22 August 2010

RADIAL TYRE vs BIAS TYRE



RADIAL TYRE vs BIAS TYRE


A Pneumatic Tyre is a toroidal shaped flexible high performance composite membrane capable of containing air or fluid under pressure when mounted on a suitable rim




A tire (or tyre in British English) is a ring-shaped covering that fits around a wheel to protect it and enable better vehicle performance by providing a flexible cushion that absorbs shock while keeping the wheel in close contact with the ground. The word itself is derived from the word "attire", referring to the dressing of the wheel.





The fundamental materials of modern tires are rubber and fabric along with other compound chemicals. Their constructive make-up consists of the tread and the body. The tread provides traction while the body ensures support. Before rubber was invented, the first versions of tires were simply bands of metal that fit around wooden wheels in order to prevent wear and tear. The most recent and popular type of tire is pneumatic, pertaining to a fitted rubber based ring that is used as an inflatable cushion and generally filled with compressed air. Pneumatic tires are used on many types of vehicles, such as bicycles, motorcycles, cars, trucks, earthmovers, and aircraft.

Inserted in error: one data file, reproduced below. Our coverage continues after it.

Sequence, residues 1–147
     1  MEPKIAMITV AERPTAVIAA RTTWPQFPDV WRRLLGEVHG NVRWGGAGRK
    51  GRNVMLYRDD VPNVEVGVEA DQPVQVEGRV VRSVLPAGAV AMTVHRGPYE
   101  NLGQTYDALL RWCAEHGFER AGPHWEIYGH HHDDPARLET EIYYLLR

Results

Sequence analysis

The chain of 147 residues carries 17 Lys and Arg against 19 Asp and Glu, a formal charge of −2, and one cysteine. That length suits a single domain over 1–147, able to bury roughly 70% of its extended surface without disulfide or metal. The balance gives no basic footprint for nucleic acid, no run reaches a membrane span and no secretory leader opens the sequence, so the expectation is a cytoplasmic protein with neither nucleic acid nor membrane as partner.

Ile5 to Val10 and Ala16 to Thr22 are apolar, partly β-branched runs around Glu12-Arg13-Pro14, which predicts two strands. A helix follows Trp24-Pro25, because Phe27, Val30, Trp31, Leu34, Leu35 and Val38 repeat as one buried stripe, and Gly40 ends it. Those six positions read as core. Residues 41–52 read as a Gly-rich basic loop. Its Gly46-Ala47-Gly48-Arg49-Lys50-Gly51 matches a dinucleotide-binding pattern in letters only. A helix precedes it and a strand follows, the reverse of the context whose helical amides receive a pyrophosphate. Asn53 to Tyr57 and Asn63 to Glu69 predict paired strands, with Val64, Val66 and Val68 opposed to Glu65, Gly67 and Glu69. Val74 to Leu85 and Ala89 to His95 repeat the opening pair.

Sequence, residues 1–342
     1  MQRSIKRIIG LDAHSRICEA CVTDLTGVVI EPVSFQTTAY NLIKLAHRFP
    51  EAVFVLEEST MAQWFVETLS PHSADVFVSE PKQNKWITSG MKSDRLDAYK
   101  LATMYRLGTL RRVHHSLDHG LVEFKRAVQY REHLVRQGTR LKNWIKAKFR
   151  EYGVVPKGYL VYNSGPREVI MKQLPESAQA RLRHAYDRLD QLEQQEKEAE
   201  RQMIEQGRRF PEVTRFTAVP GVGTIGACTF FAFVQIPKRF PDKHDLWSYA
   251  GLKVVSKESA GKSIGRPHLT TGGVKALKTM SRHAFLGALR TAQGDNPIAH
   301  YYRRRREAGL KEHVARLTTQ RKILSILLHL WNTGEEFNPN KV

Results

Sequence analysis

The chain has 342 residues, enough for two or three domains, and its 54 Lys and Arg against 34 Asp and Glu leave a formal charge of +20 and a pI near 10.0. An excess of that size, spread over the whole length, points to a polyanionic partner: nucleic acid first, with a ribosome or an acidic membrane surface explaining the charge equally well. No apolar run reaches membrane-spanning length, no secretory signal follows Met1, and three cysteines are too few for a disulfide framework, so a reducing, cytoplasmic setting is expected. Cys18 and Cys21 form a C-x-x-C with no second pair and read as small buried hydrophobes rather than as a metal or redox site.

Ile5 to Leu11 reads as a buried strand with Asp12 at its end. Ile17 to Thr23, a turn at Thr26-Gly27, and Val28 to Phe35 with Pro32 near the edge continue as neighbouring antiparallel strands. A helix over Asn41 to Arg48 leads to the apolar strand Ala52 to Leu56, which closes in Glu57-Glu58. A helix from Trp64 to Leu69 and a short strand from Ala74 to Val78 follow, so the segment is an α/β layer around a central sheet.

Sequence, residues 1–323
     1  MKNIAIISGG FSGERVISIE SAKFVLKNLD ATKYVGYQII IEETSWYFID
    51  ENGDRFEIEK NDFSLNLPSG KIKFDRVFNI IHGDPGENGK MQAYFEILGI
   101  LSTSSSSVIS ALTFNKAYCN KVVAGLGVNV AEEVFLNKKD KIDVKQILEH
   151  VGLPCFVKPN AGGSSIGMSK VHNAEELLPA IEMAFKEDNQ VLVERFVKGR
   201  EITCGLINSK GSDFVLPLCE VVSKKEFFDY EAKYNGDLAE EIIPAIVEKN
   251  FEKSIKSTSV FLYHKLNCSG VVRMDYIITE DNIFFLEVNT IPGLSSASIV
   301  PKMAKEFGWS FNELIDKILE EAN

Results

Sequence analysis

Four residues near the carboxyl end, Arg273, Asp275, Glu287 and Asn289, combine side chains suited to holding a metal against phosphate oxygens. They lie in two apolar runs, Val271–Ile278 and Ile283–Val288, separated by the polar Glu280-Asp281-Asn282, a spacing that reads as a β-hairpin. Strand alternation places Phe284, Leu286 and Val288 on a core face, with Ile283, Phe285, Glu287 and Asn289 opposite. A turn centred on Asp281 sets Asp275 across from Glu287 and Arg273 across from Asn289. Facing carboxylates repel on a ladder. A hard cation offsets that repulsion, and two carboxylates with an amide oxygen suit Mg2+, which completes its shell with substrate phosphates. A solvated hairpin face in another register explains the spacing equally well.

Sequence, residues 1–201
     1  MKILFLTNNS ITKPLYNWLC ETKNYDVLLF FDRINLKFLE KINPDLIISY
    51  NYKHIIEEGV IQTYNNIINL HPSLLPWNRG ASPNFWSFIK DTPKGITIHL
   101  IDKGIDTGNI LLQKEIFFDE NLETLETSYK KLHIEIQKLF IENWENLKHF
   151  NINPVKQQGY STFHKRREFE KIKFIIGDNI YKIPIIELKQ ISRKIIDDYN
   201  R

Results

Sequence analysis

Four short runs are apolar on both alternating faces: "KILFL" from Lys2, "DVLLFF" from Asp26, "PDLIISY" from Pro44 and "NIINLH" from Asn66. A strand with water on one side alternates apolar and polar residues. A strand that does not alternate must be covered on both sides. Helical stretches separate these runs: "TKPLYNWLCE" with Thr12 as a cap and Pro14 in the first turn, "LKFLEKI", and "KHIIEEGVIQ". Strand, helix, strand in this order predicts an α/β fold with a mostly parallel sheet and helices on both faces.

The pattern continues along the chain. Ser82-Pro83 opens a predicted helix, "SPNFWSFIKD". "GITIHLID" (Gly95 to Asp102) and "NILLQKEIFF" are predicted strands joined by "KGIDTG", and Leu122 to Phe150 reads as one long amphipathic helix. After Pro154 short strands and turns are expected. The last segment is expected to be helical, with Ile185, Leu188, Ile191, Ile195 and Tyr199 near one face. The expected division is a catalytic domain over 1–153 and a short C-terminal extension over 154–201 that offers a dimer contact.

BASIC REQUIREMENTS OF A PNEUMATIC TYRE











1) CUSHION THE RIDE


2) LOAD CARRYING


3) TRANSPORT THE LOAD



5) DEVELOP CORNERING FORCE



6) ECONOMICE PERFORMANCE










DESIGNING THE TYRE FOR BASIC REQUIREMENTS







LOAD: Taken by the air pressure - needs strength in the radial direction





CUSHIONING : Imparted by the air Influenced by the ability of the tyre membrane to deform radially





TRANSPORT: Traction, braking, road forces acting circumferentially in the contact area .Needs strength in the circumferential direction in the contact area.





CORNERING: Ability to develop cornering forces to counteract centrifugal forces .Needs excellent grip with ability to undergo lateral deformation





DURABILITY: Adequate flex fatigue properties and wear resistance to give economic life.






SPECIAL REQUIREMENTS




Ø Rolling Resistance